Plus ça change, plus c’est la même chose.
Jean-Baptiste Alphonse Karr, the French critic and novelist, offered that aphorism nearly 175 years ago. “The more things change, the more they stay the same.”
And if you have followed Erie County’s endless back-and-forth over where to put a football stadium — suburb or city — and what kind of stadium it ought to be — domed or open-air — well, then you know that Monsieur Karr was correct.
In the most recent round, the answer is the same one we arrived at the last time: open-air, in Orchard Park, with public money. (Sort of like Colonel Mustard, in the library, with a lead pipe.)
This time the argument was effectively over before it began. Last time, things were far different. The argument then was between a domed stadium in Lancaster or an open-air one downtown. In the end, of course, we got a mashup: suburb, yes; dome, no.
As it happens, this weekend the Class of 1972 at Canisius High School will celebrate 50 years since our graduation. Today I’ll be taking a ride up to Buffalo from northern Virginia with a classmate, Pat Cavanagh.
People are also reading…
We met as freshmen in homeroom 1F. I’m from Ken-Ton. He’s from Lancaster. And one day we had a formal debate, in front of the class, on where a new stadium for the Buffalo Bills should go.
I argued for an open-air stadium downtown. He argued for a dome in Lancaster.
“We were Kornheiser and Wilbon before PTI,” Pat says of the ESPN chat show in which Tony Kornheiser and Michael Wilbon argue about everything.
Our classroom debate was simple. The real-life debate, of course, was anything but. First, Erie County agreed to build a domed stadium in Lancaster on land owned by a developer, Ed Cottrell. But what followed instead was a courtroom saga that lasted for two decades, through multiple lawsuits.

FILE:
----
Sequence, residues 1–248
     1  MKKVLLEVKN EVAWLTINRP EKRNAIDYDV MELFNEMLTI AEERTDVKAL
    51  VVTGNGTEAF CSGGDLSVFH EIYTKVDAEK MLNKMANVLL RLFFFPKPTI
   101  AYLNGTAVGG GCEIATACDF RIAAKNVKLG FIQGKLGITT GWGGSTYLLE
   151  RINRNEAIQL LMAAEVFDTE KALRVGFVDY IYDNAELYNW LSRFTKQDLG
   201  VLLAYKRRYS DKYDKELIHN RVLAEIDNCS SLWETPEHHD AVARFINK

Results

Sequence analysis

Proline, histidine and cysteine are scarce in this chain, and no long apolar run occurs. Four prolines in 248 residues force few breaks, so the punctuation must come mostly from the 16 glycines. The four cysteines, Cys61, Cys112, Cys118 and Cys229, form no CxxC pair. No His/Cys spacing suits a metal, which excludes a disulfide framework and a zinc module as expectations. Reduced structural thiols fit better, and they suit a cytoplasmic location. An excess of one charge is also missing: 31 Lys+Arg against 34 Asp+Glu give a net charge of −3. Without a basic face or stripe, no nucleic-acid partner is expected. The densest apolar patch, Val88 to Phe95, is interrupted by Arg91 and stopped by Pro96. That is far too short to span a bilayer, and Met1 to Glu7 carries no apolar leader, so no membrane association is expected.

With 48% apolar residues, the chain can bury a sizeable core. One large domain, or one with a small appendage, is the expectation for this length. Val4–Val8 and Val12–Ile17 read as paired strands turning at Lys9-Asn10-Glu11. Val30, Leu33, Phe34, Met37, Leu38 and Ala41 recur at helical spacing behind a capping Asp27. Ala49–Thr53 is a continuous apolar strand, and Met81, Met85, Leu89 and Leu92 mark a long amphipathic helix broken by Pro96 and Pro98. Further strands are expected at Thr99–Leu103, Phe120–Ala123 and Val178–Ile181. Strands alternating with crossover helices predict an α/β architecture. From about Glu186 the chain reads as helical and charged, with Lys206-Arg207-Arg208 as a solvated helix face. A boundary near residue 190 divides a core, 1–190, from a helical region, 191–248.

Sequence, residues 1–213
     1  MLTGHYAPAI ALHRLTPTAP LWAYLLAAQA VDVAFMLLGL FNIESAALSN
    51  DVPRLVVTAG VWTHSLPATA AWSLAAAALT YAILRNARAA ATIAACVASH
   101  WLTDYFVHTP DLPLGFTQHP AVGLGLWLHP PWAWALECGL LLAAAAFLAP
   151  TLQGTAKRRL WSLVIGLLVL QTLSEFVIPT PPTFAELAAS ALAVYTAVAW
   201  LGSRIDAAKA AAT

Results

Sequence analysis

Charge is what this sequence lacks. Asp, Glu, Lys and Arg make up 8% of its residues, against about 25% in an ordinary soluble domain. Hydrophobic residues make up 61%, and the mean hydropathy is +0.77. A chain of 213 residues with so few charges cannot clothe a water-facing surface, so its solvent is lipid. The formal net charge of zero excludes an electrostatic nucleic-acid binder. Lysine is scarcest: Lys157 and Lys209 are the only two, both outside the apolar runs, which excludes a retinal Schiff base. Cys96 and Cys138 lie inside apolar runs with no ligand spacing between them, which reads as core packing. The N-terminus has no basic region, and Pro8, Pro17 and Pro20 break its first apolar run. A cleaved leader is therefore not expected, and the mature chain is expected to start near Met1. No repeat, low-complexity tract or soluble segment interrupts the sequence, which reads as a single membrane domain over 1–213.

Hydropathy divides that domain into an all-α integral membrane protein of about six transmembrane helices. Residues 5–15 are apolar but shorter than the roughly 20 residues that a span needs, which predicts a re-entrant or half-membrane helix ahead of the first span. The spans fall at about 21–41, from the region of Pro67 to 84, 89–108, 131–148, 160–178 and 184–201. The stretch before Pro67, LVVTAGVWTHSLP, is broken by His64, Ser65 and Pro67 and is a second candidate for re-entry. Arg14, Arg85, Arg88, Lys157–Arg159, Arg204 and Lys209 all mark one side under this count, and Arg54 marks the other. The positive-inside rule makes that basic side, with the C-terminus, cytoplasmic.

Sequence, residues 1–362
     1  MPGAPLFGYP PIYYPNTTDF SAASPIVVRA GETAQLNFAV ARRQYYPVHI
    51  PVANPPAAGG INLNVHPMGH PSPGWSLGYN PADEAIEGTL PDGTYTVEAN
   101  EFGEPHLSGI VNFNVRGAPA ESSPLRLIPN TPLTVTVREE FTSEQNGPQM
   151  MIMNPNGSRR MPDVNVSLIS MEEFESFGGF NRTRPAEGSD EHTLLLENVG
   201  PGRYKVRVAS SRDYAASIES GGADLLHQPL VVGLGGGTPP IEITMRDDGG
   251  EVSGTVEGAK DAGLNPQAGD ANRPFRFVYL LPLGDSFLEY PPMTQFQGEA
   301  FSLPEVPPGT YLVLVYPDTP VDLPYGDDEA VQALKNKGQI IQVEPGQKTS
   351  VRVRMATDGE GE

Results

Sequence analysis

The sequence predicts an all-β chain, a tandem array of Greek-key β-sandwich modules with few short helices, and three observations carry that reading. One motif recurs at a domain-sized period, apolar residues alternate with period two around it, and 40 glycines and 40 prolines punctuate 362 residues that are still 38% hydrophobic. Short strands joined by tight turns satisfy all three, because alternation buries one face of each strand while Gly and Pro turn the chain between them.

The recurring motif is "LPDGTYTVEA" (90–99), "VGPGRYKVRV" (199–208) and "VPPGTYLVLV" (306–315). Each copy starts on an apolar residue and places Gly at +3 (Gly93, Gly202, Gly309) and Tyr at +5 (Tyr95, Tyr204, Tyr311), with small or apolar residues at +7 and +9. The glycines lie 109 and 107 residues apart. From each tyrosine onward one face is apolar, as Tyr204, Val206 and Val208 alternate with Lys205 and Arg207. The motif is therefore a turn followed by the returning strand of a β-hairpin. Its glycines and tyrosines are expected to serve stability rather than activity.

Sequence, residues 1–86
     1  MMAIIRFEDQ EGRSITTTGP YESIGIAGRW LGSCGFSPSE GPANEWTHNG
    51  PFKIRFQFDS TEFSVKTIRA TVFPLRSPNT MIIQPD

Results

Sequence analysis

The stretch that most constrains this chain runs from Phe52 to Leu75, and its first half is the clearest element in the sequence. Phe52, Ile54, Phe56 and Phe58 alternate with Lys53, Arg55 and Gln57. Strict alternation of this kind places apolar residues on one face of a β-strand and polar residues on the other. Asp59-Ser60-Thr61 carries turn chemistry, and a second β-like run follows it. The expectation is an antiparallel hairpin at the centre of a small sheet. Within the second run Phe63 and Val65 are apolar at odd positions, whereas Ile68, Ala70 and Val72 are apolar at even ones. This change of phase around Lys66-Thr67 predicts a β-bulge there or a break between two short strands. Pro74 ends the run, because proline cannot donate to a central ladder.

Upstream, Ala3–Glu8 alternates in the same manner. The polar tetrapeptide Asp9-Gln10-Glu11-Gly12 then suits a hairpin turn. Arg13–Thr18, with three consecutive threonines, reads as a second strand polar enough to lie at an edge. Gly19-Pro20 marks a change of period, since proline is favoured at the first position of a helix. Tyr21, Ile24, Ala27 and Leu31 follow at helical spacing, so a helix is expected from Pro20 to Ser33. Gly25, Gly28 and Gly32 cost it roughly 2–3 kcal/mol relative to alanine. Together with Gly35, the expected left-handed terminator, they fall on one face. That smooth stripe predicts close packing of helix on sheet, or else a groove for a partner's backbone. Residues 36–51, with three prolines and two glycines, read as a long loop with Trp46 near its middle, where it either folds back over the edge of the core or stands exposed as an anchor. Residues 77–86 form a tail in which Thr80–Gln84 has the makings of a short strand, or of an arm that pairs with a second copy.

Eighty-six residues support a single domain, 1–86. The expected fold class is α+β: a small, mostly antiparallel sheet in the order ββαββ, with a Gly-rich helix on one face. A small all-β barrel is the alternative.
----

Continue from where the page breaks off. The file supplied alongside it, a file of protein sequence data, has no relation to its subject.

All that, of course, was still years in the future as Pat and I made our arguments in class. I have only recently come to know the rest of the story: Pat’s father was general manager of Lancaster Ford, one of three Ford dealerships that Ed Cottrell owned in Western New York.
“I was for the dome,” Pat says now, “because I had a financial interest.”
(The county backed out of building the domed stadium when the cost came in too high, and it built what is now Highmark Stadium, in Orchard Park. Cottrell sued for $495 million for breach of contract. A jury awarded $64 million, and an appeals court reduced that to $6.1 million.)
I used a sight gag as part of my argument in that 1968 debate. A popular local bumper sticker of that era read: “No more snow. Football in the dome.” I used scissors and tape to alter it: “No more dome. Football in the snow.”
An internal study conducted a few years ago by Pegula Sports and Entertainment put it this way: “No roof. Outdoor football.” Sounds a bit like my doctored wording, doesn’t it? I like to think that means I won my debate with Pat. But let’s face it: I didn’t get that city location — then or now. And Pat has a convincing argument on his side, too.
He is the owner of a roofing business in northern Virginia. His company put a roof on my daughter’s house some years back. And now, come to think of it, the house where my wife and I raised our kids (and where we still live) is going to need a new roof soon.
When Pat puts a new dome on my domicile, I will, at long last, have to concede: